By Johannes Birkebaek
COPENHAGEN (Reuters) - Residents in the Freetown Christiania hippy enclave in Denmark's capital Copenhagen say they want to shut down cannabis sales on its main street following a deadly shooting on Saturday.
Christiana, a former army barracks that was claimed by hippies during the 1970s, has openly sold cannabis on its main street, known as Pusher Street, for more than 50 years.
The illegal drug trade has been tolerated by authorities, even as an increase in gang-related activities in the area has resulted in multiple shootings in recent years.
Police remove the cannabis booths from time to time only to see them rebuilt shortly after.
"As long as there is a massive illegal cannabis trade, there will be a violent and deadly struggle for the market," residents said in a joint statement posted on Christiania's website on Sunday.
A 30-year-old man was shot and killed on Saturday when two masked gunmen opened fire on Pusher Street. Four other people were wounded. The shooting was related to the illegal cannabis trade, police said.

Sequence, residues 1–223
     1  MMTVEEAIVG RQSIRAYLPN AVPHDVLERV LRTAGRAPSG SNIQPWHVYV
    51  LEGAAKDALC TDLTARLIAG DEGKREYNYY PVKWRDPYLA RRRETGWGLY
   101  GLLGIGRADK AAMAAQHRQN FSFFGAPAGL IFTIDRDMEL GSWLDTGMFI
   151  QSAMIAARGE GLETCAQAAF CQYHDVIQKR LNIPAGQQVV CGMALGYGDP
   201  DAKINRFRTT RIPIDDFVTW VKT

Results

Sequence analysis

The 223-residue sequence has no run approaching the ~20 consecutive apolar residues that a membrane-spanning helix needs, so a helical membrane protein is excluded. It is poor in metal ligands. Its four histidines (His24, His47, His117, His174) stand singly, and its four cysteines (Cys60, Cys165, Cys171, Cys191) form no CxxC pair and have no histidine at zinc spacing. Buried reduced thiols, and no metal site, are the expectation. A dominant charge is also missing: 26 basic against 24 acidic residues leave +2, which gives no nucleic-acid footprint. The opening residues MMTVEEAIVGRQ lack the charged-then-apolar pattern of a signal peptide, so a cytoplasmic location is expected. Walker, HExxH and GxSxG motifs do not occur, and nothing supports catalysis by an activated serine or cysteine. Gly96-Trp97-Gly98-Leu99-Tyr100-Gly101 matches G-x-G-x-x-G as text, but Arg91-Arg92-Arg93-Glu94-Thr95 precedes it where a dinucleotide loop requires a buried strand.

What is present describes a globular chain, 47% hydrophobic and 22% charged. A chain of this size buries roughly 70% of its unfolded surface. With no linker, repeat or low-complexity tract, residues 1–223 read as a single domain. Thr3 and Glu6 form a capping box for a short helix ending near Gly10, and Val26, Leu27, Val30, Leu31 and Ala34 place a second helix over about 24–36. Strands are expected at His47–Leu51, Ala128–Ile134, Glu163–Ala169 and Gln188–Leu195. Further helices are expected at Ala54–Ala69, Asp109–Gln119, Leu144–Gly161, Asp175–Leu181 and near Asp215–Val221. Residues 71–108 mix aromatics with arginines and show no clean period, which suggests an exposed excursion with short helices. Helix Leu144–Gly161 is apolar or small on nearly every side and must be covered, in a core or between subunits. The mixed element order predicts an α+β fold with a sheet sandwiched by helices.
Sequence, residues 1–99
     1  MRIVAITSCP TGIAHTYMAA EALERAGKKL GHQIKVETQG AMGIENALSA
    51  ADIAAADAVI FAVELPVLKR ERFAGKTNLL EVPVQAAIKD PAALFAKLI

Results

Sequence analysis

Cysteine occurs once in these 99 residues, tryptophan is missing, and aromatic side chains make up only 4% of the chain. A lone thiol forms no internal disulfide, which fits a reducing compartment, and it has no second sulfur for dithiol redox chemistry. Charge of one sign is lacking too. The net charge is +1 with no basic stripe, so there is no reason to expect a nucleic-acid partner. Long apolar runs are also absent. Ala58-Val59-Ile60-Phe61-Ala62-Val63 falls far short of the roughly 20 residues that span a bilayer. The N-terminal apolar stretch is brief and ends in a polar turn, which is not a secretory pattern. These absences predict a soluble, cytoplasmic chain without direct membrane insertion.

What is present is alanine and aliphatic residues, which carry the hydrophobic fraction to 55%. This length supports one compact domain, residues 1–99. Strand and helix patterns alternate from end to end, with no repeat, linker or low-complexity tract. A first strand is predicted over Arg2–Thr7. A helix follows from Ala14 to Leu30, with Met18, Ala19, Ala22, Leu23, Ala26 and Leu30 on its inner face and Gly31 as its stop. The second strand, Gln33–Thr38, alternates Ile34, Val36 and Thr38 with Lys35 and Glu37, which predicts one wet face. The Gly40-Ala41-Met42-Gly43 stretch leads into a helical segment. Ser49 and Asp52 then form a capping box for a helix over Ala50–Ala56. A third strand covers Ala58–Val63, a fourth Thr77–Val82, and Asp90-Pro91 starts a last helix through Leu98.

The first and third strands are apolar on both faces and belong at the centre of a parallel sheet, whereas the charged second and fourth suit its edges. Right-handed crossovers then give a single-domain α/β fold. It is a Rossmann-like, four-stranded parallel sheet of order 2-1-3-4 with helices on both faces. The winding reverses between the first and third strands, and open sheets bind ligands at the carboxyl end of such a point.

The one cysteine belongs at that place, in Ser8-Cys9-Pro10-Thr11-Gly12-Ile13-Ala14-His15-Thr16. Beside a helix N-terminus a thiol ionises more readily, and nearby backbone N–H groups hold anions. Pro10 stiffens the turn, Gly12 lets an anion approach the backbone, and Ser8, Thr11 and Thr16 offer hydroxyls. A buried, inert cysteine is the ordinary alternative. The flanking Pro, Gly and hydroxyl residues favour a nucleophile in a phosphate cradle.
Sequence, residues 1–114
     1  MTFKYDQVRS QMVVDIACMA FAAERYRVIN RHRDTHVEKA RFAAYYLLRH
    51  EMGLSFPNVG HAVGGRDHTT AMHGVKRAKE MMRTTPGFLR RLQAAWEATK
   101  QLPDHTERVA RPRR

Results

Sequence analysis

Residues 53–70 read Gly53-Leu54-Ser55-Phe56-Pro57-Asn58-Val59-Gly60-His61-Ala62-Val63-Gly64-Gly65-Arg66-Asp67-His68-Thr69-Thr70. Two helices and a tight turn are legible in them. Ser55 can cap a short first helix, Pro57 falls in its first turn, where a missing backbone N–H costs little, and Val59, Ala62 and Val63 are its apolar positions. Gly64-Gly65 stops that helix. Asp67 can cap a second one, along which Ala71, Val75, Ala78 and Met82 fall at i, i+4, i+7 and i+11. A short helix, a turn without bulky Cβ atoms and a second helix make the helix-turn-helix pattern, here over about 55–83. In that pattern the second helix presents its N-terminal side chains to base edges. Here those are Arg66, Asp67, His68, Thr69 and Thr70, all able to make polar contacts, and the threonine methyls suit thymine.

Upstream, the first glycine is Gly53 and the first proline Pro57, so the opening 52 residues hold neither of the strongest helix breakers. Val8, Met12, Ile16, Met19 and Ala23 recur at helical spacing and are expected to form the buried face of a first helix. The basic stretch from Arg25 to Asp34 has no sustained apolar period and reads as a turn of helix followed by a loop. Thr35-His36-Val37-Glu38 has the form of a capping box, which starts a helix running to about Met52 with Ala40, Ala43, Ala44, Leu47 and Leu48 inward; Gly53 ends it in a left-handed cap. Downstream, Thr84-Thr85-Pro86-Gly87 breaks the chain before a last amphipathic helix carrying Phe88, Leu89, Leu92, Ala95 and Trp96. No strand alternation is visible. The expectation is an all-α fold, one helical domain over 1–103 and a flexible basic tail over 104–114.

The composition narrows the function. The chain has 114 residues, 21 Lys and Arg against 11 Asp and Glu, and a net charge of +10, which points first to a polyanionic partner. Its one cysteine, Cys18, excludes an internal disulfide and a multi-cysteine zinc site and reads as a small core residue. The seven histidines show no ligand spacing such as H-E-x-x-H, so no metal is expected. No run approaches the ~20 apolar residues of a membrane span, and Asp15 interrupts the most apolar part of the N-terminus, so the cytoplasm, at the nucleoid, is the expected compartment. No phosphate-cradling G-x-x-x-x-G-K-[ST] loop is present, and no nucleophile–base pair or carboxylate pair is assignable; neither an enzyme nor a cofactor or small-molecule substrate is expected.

An 18-year-old was arrested on Saturday and is being held custody. Police are still looking for other perpetrators.
The mayor of Copenhagen, Sophie Haestorp Andersen, on Sunday told the newspaper Berlingske that she also wants Pusher Street closed permanently.
Three weeks ago, Christiania residents tried to block the entrance in an effort to stop the illegal activity on Pusher Street, but the blockade only lasted a couple of hours.
Residents of the enclave live autonomously with self-declared rules, although they are not recognised as their own town by Copenhagen authorities. It is a major tourist attraction, with more than half million visitors a year.
(Reporting by Johannes Birkebaek; Editing by Angus MacSwan)